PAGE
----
Faith, Philosophy and Dogma

Aparthib Zaman

This message is spurred by the post in other forum and NFB.  (Re: Existence of God debate! by Syed Munir Islam)

The article above made some points that one can agree with. But it also made some remarks and drew some conclusions that are seriously flawed, I wish to draw attention to the flawed conclusions and remarks.

But first let me engage in some general discussions of FAITH, PHILOSOPHY and DOGMA, since these concepts are intimately connected with the topic under discussion and clarifying these concepts will help to point out those flaws .

1. FAITH: A PERSONAL belief in an object (tangible or not) that is not verified and supported by logic and evidence. Some personal beliefs may even CONTRADICT the strict rules of logic (The classic example of an omnipotent, omniscient, omnibenevolent being). An important attribute of faith is that it does not require the participation of others to form the faith, it is non-intrusive. Faith of "A" does not require any act or thought by "B". Another important attribute that follows from the preceding attribute is that faith is harmless, since the faith of "A" does not in any way affect "B".

Examples of Faith: Faith in Pegasus, Santa Claus, round square, reincarnation, An omnipotent/omniscient/omnibenevolent GOD etc.

2. PHILOSOPHY: A PERSONAL view about reality that may or may not be logically and observationally verified or supported, BUT unlike faith, does not CONTRADICT logic or observation.

Example: Spinozza's nature God, Pantheism, Omega Point Theory, Process theology, Socinism , platonism, humanism, atheism/agnosticism (however defined), humanism, secularism, rationalism, skepticism.

Note: Philosophy shares the attribute of non-intrusiveness (does not affect or require participation of others ) and harmlessness of faith as well.

3. DOGMA: A SYSTEM of view, belief that are also not based on logic, or supported by observations, but DOES require a collective participation of more than one for its materialization. Hence if the belief is not shared voluntarily, the participation will necessarily involve coercion, to implement the system in practice. So exercise of power is an important factor in a dogmatic belief. A dogma always invariably prescribes a set of rules and conducts for its believers (often discriminating between genders) as well as for the non-believers. A dogma necessarily infringes on other's individual rights and works by intimidation and coercion . Thus dogmas can be potentially harmful IF the dogma is implemented puritanically with zeal and vigour. Examples are the dogmatic part of (i.e the political part) of Judaism, Islam, Chrsitianity, Communism, various cults.

A SIDENOTE: Often the issue of what is freethinker is raised and cynical remarks are made. Let me offer my own definition (At least how I think it should be defined) in then light of the above discussion that will hopefully put the debate to rest, and will unambiguously identifiy who is or isn't a freethinker, no need of any debate:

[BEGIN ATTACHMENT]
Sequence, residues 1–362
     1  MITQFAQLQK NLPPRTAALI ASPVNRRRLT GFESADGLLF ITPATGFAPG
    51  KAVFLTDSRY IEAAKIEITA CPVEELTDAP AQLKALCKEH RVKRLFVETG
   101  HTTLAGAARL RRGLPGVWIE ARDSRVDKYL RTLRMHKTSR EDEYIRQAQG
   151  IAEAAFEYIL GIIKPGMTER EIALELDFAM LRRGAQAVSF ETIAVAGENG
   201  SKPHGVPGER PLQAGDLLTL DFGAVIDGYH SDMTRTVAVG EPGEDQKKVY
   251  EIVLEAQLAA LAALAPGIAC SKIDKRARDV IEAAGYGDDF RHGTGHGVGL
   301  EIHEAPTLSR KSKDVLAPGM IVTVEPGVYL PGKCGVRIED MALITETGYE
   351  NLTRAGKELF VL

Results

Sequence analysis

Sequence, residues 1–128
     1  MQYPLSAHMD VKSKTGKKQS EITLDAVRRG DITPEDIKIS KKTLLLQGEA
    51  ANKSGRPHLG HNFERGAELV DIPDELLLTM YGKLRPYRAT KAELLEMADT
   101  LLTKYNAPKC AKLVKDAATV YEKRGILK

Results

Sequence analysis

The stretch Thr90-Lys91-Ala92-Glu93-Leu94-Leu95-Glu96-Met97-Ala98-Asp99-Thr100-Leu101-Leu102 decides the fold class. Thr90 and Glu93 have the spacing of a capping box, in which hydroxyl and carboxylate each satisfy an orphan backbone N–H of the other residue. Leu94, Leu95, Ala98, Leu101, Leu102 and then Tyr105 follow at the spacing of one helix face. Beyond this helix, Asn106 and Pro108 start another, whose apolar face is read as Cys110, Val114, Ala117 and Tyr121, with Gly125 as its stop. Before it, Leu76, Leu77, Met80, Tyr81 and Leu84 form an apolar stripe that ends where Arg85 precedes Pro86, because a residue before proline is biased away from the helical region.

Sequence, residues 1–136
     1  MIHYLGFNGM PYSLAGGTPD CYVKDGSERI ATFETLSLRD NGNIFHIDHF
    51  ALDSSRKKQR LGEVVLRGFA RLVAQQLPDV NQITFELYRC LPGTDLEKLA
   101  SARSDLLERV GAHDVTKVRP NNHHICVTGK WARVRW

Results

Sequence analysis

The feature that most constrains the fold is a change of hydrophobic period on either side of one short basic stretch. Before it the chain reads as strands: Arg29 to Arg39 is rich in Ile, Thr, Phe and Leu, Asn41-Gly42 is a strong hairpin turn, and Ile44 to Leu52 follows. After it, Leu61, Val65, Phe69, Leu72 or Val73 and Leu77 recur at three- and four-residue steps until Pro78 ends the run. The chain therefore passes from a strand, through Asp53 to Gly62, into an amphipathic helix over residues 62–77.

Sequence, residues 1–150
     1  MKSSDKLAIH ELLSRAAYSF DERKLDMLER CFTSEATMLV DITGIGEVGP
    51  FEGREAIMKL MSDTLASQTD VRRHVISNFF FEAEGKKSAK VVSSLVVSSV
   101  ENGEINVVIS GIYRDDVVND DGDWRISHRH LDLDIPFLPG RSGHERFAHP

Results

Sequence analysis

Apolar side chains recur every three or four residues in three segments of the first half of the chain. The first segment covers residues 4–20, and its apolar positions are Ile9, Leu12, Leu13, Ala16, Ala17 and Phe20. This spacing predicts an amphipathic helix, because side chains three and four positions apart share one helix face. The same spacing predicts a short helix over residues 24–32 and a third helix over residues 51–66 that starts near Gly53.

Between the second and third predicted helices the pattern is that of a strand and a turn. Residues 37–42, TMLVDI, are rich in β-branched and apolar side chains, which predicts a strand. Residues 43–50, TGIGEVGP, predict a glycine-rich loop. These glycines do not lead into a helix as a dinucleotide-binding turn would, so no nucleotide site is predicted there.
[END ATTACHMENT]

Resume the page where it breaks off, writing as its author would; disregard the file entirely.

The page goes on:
A Freethinker is:

1. One who does not believe in a faith or a dogma.
2. One who is guided by logic and evidence, not by emotion in forming any conclusive judgment about reality.

Note: A freethinker can however, believe in a philosophy, since philosophy does not contradict logic or evidence and does not require a conclusive judgment.

Followup Discussion:
Faith and Philosophy can sometimes be combined, e.g Buddhism, Hinduism. Some organized religion can contain elements of all three, like the three Abrahamic religions. A system of belief based on dogma is not necessarily harmless, despite the presence of the faith and philosophy part in it. It may or may not be dangerous depending on how puritanically the dogma part is enforced or implemented. A system of belief that does not contain dogma is not dangerous per se. A follower or a group of followers may subscribe to both a dogma "A" and a philosophy "B", for example, A=communism, B= atheism. The classic fallacy among many, as the quote below from that article demonstrates, is to characterize the acts of extremism of such a person committed in the name of "A" , as being due to "B":

"genocides have occurred for causes rooted in religion as well as in other philosophies, including atheism"

This fallacy is often due a deliberate attempt to discredit "B".

Stalin did not commit atrocities in the name of "atheism", but in the name of communist dogma (Or his version of it : "Stalinism"). One can never commit atrocities in the name of atheism. Betrand Russell was an avowed atheist. He could not have any committed any atrocities, no matter how hard he tried, in the name of atheism, SINCE HE DID NOT BELIEVE IN ANY DOGMA. No one can come up with any example of anyone committing atrocities solely because of atheism. All attrocities are committed by theocratic or communist regimes , to enforce their dogma by coercion, or by an oligarchy (military or otherwise) to crush any opposition to its rule.

One can now see the flaw in the remarks:
"The alleged dangers from religion are not much different from the dangers from believing in ANY philosophy the defense of which would justify murder and other atrocities."

As I clarified above, a Philosophy CANNOT/DOES not require or justify murder and other atrocities for its defense. Only a dogma does.

The same flaw can be seen in the remarks:
"I'd much rather enjoy the rule [the moderate ones who make up the bulk of "humanity"] while remain alert about the dangers that the exceptions on either side might be capable of brewing, and flinging."

The flawed part in the above is : "dangers on either side" . As I have argued above, danger is only posed by one side: The DOGMA side. NOT faith or philosophy side.


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